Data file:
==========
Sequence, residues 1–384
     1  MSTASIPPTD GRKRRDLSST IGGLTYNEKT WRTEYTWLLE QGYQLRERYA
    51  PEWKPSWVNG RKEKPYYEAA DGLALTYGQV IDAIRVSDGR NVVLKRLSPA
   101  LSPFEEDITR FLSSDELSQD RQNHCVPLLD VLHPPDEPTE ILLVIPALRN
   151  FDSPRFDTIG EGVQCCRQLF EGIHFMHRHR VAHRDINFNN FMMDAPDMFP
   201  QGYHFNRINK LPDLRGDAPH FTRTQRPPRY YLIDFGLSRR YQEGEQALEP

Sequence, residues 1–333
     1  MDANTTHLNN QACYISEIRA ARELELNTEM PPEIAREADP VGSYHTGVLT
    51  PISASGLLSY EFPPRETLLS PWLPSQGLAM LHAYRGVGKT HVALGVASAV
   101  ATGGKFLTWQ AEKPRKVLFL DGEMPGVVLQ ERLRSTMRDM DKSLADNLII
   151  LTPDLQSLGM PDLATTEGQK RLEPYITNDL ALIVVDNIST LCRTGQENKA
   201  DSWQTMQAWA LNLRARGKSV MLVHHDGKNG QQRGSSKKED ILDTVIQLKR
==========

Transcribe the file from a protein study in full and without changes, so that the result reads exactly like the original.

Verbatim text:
Sequence, residues 1–384
     1  MSTASIPPTD GRKRRDLSST IGGLTYNEKT WRTEYTWLLE QGYQLRERYA
    51  PEWKPSWVNG RKEKPYYEAA DGLALTYGQV IDAIRVSDGR NVVLKRLSPA
   101  LSPFEEDITR FLSSDELSQD RQNHCVPLLD VLHPPDEPTE ILLVIPALRN
   151  FDSPRFDTIG EGVQCCRQLF EGIHFMHRHR VAHRDINFNN FMMDAPDMFP
   201  QGYHFNRINK LPDLRGDAPH FTRTQRPPRY YLIDFGLSRR YQEGEQALEP

Sequence, residues 1–333
     1  MDANTTHLNN QACYISEIRA ARELELNTEM PPEIAREADP VGSYHTGVLT
    51  PISASGLLSY EFPPRETLLS PWLPSQGLAM LHAYRGVGKT HVALGVASAV
   101  ATGGKFLTWQ AEKPRKVLFL DGEMPGVVLQ ERLRSTMRDM DKSLADNLII
   151  LTPDLQSLGM PDLATTEGQK RLEPYITNDL ALIVVDNIST LCRTGQENKA
   201  DSWQTMQAWA LNLRARGKSV MLVHHDGKNG QQRGSSKKED ILDTVIQLKR